Its just a thought.
Im guessing it all plays a role. Diet and water quality are familiar to us, but what if the key to hatching a truly monstrous rtc was imbedded in something as inconspicuous as seasonal changes in weather or photoperiod, which may in turn saturate an ecosystem with a certain type of prey, or maybe present a significant change in temperature, or perhaps even a marked drop in predation or competition during the fishes early development.
 

RD.

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I'm agreeing with much of what you gents are stating, but I still don't see what or how most of that correlates with what Reaper posted. As an example, if the majority of wild RTC reached 10 ft over the span of 50 yrs, he could be on to something, but sans that data I don't see a 5 1/2 ft RTC as being a failure - whether it was collected wild at 11", or raised on a farm to 11".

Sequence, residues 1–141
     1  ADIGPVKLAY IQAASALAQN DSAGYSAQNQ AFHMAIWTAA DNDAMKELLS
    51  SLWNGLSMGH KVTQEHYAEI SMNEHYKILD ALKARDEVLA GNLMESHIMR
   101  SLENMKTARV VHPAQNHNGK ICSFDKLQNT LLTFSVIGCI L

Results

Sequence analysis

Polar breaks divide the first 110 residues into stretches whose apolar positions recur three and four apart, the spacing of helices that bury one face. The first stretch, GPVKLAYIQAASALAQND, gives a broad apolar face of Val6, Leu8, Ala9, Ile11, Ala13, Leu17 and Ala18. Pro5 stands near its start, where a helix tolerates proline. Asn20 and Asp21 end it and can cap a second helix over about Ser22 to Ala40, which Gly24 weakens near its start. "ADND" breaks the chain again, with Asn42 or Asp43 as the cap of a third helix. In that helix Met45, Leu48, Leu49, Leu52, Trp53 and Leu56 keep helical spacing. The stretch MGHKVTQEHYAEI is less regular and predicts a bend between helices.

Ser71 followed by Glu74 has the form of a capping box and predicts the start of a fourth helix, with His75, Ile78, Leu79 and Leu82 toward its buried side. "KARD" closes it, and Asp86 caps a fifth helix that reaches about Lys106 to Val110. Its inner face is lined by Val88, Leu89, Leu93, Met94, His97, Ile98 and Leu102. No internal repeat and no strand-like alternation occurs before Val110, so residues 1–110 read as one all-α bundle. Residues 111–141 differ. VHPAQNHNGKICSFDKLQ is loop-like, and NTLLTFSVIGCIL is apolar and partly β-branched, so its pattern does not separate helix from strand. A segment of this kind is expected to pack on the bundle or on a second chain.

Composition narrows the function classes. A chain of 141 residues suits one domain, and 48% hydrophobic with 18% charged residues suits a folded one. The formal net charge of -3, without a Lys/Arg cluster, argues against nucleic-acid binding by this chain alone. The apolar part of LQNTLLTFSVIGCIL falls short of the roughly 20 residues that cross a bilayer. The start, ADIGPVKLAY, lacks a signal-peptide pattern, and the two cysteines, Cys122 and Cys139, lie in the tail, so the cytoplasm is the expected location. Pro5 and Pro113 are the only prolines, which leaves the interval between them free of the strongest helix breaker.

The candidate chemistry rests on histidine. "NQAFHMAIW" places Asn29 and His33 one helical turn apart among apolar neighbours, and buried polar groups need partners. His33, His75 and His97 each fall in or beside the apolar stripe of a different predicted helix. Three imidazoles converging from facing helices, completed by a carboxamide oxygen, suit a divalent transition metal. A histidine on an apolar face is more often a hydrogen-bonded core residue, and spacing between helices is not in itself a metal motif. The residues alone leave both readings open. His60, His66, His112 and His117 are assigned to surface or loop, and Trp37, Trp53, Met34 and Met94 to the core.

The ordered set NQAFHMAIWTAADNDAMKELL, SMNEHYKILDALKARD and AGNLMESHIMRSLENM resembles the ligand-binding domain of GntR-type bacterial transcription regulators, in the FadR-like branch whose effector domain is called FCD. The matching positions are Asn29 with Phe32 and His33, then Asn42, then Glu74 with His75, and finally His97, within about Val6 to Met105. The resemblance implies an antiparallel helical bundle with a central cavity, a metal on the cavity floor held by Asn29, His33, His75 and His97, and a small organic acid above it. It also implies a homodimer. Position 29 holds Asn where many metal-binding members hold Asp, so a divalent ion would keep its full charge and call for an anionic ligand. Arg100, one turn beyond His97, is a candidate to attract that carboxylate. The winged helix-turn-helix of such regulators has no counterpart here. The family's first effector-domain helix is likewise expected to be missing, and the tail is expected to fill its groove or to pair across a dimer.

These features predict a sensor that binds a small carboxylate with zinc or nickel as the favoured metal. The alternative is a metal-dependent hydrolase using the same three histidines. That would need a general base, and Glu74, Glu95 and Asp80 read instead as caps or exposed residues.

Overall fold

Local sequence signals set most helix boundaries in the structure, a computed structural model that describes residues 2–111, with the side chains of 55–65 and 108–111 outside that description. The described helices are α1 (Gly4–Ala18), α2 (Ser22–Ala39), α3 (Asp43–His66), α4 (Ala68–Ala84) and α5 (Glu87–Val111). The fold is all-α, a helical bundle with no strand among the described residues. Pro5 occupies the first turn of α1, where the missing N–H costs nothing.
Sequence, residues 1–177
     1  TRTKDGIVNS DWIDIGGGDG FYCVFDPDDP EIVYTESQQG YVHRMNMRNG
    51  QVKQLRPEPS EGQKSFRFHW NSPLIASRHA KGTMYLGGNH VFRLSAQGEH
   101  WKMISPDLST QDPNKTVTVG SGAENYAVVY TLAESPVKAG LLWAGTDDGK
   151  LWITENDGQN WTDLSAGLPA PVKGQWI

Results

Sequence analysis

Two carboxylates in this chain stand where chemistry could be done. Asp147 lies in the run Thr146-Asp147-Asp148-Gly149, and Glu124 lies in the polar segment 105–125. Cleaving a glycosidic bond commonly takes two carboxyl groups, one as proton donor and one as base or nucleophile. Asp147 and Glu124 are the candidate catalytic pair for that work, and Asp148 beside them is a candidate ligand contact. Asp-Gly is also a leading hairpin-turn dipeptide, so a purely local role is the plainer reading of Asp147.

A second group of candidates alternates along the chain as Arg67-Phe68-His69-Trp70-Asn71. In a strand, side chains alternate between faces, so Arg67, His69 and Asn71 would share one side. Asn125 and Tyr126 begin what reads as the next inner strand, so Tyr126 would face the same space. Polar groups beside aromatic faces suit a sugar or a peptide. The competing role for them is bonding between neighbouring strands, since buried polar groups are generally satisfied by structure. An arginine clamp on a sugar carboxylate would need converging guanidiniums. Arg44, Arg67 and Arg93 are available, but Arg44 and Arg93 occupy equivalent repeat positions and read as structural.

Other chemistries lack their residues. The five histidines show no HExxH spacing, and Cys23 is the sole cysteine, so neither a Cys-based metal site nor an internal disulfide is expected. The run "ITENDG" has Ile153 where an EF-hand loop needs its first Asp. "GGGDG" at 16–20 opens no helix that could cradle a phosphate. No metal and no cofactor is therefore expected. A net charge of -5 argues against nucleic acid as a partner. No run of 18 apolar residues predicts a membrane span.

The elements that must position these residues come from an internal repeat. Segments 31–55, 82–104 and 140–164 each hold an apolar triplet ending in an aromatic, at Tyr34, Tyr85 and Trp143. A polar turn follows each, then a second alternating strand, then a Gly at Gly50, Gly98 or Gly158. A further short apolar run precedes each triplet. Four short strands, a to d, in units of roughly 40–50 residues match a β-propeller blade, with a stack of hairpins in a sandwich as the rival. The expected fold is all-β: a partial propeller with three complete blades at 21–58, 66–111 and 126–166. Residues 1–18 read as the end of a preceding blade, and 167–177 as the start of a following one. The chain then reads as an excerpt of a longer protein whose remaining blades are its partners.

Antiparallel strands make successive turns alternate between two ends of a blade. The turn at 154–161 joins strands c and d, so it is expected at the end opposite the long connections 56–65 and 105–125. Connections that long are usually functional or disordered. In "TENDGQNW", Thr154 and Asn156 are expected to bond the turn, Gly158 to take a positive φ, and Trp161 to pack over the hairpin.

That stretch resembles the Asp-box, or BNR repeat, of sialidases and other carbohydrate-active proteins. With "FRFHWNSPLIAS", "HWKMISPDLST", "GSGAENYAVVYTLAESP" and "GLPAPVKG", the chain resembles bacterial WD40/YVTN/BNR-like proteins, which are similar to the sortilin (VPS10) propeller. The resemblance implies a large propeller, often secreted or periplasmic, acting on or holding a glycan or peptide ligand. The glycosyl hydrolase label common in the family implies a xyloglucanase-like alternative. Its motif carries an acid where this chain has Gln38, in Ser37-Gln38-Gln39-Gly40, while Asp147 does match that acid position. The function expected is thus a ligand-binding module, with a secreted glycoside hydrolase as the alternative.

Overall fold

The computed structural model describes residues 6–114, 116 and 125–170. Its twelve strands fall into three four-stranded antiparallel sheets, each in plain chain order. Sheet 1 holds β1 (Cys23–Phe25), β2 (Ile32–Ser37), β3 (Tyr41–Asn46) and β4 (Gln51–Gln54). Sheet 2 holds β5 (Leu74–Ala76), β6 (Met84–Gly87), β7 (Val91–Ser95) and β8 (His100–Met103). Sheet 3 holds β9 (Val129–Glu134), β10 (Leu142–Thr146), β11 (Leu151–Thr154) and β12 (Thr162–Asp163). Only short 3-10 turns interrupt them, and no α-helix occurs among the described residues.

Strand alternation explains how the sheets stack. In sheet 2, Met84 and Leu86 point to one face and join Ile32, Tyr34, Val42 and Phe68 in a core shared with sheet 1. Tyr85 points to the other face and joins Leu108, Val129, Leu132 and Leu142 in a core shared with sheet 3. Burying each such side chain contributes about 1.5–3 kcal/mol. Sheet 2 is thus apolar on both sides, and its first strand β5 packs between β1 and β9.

RD.

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Not to totally derail this RTC discussion, but this older thread is about wild vs captive sizes, with a species that has been documented fairly well. I kept and bred them for a number of years, and my friend back then collected hundreds of wild caught specimens in Africa.

 

thebiggerthebetter

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Interesting discussion. Thank you all.

Fishhead, your experiment sounds good to me. Not ideal but then nothing is. It would be hard to establish the RTC source though. Something can be definitely learned from it, just comparing the diets alone... as from the gulper experiment we have discussed seems like a year ago. Gulper is more manageable though and you can keep many of them per tank.

I personally think that you guys are overthinking this. The cat in question was under a foot when purchased, in 1972, which is 53 yrs ago...
I personally think you had had 6 beers by that moment when you calculated it out and added the beers to the years (it rhymes too!). I am 1972 and last I checked I was 47 years old :)